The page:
I’M becoming more and more excited about Steven Moffat‘s visionary decision to split the usual 13-episode series of Doctor Who into two next year, and not just because of the ‘game-changing cliffhanger’ the Moff has promised.
To me, the most important thing about his announcement is that the game seems to have changed already.
What do I mean? Simply this – it is not everyone who can solve two seemingly insurmountable problems in one stroke while changing an already brilliant thing for the better, with the elegant simplicity of Alexander cutting through the Gordian knot.
Let me explain.
For Moffat’s first series at the helm of Who, I could practically feel his frustration whenever he was interviewed – firstly at factors outside of his control like the sunny weather or the World Cup, taking potential viewers away.
That inevitably led to ‘Who ratings falling’ stories, regardless of truth, but seemed a fact of life, the way things must always be with new Who and its 13-week run, starting every Easter.
The inspired decision to begin in early summer and then break to autumn with its dark, cold, stay-at-home nights – one the Doctor himself would be proud of – has taken care of that.
But then we had the Beeb playing broadcast bingo with one of their most high-profile brands, changing its start time week after week to support other shows in the schedule (and let’s not forget Nortongate).
Of course, we’ve been here before, with RTD also railing against Who’s start-times being messed with.
The difference this time is that Steven Moffat – as well as ruling the Who roost – has delivered the magnificent Sherlock.
However Moffat’s stock must be so high at Broadcasting House now that even in these times of austerity, I’m sure he has the Director General making his packed lunch for him, before couriering it over.
I’d bet the Who budget has also been increased by the cost of a team of strippers too, to dance while he writes. (If so, expect the Doctor to reveal the Go-Go Swinging Pussycat Dance Club room in the TARDIS this time around. Then we’ll see how sexy Amy really is!)
So when he strolled in and calmly asked the Beeb to completely change the way their flagship programme was broadcast, after five years of nothing but critical and commercial success, they had no choice but to agree given his leverage in the Corporation. And the shorter runs should make a fixed start time much easier to agree too.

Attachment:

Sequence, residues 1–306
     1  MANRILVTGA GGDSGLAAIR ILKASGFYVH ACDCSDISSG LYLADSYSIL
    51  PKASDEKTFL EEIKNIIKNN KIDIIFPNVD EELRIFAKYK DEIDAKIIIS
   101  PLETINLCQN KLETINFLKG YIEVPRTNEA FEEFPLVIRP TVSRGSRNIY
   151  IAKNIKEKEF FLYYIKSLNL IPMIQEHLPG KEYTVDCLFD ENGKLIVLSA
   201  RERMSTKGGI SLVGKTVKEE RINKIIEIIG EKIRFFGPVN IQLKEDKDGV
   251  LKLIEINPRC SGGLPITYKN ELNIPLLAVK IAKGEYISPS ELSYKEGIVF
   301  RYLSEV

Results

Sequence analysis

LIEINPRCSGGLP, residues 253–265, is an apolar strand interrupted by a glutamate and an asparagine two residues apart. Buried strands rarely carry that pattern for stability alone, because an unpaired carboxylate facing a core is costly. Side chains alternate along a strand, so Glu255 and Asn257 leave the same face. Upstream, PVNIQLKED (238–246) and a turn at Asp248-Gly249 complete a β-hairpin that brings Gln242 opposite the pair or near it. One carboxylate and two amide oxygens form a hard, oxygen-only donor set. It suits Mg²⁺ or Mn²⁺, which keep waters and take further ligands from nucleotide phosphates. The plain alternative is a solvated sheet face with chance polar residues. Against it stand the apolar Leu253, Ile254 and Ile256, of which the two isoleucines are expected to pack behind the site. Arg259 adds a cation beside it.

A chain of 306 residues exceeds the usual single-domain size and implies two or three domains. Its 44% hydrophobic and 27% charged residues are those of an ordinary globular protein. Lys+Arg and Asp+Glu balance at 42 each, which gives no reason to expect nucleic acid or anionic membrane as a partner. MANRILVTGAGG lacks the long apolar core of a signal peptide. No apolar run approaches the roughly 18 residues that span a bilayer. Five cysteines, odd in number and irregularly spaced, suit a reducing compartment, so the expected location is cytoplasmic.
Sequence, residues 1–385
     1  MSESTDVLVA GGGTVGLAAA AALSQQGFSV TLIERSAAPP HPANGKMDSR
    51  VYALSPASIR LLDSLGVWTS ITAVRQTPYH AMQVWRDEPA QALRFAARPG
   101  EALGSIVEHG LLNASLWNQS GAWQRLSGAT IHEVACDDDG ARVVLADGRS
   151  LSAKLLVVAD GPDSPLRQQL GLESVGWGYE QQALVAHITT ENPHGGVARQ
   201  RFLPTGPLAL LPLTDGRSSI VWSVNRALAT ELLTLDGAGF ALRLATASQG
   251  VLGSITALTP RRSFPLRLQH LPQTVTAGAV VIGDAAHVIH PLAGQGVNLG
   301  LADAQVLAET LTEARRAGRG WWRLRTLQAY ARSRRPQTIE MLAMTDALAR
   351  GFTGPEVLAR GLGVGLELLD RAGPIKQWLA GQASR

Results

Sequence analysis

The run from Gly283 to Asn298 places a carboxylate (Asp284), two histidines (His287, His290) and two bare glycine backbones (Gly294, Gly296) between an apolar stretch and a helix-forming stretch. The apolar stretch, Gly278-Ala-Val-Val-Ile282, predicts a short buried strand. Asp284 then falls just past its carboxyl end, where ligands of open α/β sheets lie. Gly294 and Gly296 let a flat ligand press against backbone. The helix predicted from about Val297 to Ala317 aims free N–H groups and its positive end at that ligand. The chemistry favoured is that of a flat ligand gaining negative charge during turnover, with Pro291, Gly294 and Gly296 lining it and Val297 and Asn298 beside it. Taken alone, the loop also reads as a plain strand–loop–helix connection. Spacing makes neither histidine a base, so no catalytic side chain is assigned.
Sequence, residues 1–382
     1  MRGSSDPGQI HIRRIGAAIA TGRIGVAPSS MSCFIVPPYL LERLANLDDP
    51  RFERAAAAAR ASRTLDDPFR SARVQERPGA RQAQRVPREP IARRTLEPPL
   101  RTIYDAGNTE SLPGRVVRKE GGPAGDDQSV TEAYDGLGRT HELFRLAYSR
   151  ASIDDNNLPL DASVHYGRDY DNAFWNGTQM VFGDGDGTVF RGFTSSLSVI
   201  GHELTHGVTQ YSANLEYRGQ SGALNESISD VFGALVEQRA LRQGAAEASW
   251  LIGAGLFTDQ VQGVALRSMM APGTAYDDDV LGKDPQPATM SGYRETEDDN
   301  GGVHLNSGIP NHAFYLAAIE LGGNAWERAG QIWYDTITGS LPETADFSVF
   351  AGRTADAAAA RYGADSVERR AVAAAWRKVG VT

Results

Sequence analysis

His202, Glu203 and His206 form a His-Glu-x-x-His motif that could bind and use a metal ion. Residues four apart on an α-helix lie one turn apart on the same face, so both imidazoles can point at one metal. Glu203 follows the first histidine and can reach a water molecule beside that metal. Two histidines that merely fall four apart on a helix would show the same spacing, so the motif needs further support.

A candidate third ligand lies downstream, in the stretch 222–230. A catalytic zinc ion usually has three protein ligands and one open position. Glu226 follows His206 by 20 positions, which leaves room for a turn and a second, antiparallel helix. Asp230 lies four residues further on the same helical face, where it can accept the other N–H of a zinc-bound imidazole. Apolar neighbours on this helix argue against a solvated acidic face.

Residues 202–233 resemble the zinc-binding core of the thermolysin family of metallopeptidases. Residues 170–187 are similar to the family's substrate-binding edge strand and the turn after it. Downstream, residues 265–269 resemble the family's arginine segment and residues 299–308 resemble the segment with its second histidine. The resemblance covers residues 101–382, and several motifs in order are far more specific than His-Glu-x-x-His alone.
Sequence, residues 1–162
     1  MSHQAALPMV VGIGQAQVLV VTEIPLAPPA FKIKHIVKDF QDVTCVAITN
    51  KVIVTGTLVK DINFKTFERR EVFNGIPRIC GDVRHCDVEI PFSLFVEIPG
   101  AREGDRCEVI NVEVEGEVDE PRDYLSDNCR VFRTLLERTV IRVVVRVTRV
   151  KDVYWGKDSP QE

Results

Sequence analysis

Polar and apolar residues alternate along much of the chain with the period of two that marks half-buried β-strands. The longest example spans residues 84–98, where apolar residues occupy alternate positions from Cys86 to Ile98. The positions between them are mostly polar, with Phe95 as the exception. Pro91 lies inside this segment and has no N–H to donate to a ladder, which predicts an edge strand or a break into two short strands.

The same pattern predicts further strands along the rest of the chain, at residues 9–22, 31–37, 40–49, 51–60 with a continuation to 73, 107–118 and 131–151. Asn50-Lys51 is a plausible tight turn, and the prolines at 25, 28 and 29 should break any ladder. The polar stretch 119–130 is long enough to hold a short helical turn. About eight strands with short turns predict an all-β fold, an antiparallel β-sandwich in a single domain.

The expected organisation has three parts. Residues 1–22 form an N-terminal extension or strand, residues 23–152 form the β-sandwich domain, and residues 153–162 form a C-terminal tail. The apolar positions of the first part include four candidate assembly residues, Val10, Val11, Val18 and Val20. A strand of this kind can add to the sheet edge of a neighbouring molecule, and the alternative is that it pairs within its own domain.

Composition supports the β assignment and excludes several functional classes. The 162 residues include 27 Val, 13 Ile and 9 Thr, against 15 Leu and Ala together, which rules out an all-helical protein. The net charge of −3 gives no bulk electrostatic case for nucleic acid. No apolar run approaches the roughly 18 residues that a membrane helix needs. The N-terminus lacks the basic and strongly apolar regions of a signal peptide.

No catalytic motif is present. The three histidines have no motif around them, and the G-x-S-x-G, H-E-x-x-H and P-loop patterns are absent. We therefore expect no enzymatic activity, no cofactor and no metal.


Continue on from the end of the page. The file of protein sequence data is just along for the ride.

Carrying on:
Quite apart from my belief that it shows the BBC are treating Who with respect, I also think the change will also make for a more exciting series, or two.
I made a case earlier this year for how Who could develop, including longer episodic structures of three or four episodes per story, instead of two-parters at best.
Now with a six and then seven episode structure – separated by a mid season cliffhanger to beat all mid-season cliffhangers, and including Neil Gaiman‘s story too – I think Moff can really go to town and break the familiar into something new.
What’s more, just think of how he may use that cliffhanger to go some way towards finally answering the Silence Will Fall and River Song mysteries layered throughout the last series.
For instance, it has already been implied that River was jailed for killing the Doctor – how’s that for starters? Even thinking about it now has my geek alarm going.
All in all, it reinforces my belief that Moffat was the perfect choice to look after Doctor Who.
A game-changer indeed, and for the better in every instance.
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- The next season of Doctor Who will be split into two parts [Television] (io9.com)
- Steven Moffat On A Split Series 6, More Details (lifetheuniverseandcombom.blogspot.com)